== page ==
Joelle's Yoga

Stretch Your Yoga Awareness

Published in Commom Ground March 2002

Yoga, like life, flows like a river which is endlessly growing and changing. Whether you seek flexibility, strength, an enlightened community or a different way of seeing, Yoga might be calling you to walk its path.

The word yoga means union. A yoga class is a place to cultivate the state of union through awareness of body, heart and mind. There are many different styles of Yoga: Hatha, Iyengar, Kundalini, Ashtanga, Power, Bikram, …so many, in fact, it is enough to get your head spinning! Where to begin? How do you choose a yoga class that's right for you?
Finding out what's out there will inspire the new yoga practitioner to get started, and the established practitioner may discover new insights about the practice.

Do you want to learn to relax, explore a spiritual path, or sweat buckets and then melt into the floor? The best way to choose a style of yoga that's suitable for you is to ask the teacher a lot of questions before you come to class. Most studios have a web site and phone number so you can get information and speak to a live voice. If you are pregnant or recovering from an injury or illness, certain yoga classes will not be suitable so inform the teacher with whom you are speaking about your needs. To take a brief journey through some of the yoga disciplines taught in Vancouver, without even leaving your chair, read on…

Hatha Yoga

"Ha" is translated as sun and "tha" as the moon. Hatha yoga practice is a balance of active and restful movements practiced to alternately strengthen and release the body and prepare it for meditation. The advantage of Hatha yoga is variety and the freedom to explore different postures and sequences without having to squeeze a whole alphabet of yoga moves into one class.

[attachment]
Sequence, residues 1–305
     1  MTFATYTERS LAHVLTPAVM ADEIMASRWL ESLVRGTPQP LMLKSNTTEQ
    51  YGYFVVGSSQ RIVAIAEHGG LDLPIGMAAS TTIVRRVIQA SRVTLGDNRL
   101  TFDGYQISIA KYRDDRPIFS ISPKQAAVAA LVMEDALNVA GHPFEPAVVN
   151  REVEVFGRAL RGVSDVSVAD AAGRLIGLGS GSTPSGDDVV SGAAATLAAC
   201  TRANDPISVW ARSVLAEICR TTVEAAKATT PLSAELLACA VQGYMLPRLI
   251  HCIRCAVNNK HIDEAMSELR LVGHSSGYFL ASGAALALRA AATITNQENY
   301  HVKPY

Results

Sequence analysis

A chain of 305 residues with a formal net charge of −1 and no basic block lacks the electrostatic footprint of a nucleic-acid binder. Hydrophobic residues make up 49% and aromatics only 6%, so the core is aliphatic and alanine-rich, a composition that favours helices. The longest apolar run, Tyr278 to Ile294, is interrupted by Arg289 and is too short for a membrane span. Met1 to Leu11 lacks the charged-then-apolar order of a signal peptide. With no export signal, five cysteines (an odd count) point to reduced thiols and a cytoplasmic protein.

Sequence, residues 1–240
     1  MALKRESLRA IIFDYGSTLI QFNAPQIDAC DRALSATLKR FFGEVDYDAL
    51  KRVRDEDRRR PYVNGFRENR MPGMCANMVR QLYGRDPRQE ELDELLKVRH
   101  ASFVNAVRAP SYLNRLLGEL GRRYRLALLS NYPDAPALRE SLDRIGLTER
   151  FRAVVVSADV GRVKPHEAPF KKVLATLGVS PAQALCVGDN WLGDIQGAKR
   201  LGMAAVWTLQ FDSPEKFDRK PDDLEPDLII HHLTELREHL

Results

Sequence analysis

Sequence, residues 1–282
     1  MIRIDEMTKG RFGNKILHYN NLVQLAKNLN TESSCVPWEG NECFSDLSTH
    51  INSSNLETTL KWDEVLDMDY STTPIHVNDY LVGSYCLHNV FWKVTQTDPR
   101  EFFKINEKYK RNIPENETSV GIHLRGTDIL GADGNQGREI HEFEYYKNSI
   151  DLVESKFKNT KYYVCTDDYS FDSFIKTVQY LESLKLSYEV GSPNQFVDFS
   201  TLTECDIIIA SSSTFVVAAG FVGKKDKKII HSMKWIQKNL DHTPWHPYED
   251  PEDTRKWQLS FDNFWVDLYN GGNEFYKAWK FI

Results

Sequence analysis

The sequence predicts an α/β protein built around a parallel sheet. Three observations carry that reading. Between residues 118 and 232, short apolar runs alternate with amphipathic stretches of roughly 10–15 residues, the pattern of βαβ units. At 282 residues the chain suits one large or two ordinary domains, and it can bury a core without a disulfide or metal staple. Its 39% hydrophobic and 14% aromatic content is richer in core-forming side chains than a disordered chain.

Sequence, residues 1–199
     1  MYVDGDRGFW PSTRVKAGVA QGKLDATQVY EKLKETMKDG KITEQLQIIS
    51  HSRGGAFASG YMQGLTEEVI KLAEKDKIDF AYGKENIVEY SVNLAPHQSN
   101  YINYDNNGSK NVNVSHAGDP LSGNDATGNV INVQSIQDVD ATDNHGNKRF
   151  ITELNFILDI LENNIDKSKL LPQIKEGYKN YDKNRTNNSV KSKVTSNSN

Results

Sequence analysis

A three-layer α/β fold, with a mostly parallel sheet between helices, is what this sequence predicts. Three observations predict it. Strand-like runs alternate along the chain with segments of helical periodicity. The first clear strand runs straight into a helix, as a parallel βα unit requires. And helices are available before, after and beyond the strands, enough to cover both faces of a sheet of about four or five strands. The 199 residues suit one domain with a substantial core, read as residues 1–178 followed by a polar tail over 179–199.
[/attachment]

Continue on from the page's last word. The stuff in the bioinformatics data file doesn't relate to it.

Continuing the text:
According to the Hatha Yoga Pradipika, a manual on yoga written between the 6th and 15th centuries A.C.E., any yoga practice focused on performing physical postures is considered "Hatha". In the last fifty odd years, however, different schools of yoga have sprouted up and distinguished themselves from the more general Hatha yoga label. As you will soon discover, some systems of yoga, like Ashtanga and Bikram, are a set system of postures performed in a specific order. "Hatha" yoga class, on the other hand, is as unique as the teacher.

Westside Yoga Studio on West 16th Avenue and Arbutus, for example, is home to the "Flow" class, a Hatha Yoga class which moves gently and fluidly through the postures providing the student with basic alignment and an opportunity to explore the breath. Like most Hatha Yoga classes, the Flow class is suitable for all levels.

No matter what style of yoga you practice, it's important to remember to listen to your body. As any qualified teacher will tell you, ultimately you know when to stretch deeper and when to back off. There is no absolute right or wrong here, the key is finding out what’s right for you.


"Today the theme is joints," says Corrie Vorlaufer, Iyengar teacher at Shanti Yoga Centre in Kitsilano. Gazing at us with a warm and peaceful smile, she has the most upright spine I have ever seen on someone with a head of pure grey hair.

Behind me are a pile of props, one of which is a white fold up chair. An hour later I am pressing my feet against the chair, feeling safely supported as I attempt to stand on my hands while keeping my back flat. In Iyengar yoga, the use of props allows both beginner and more experienced students to modify yoga postures to make them either easier or more difficult.

In addition to props, Iyengar yoga is also well known for its use of partner work. Working with other students creates a supportive atmosphere and helps to improve alignment. It's useful in large groups where it's unlikely that one teacher will be able to provide every student with individual attention.

Iyengar is a highly respected system of yoga which provides the yoga student with clear and thorough explanations. This method is very satisfying for those who want to know where to put each and every finger and toe. For more information on Iyengar yoga, visit

Bikram Yoga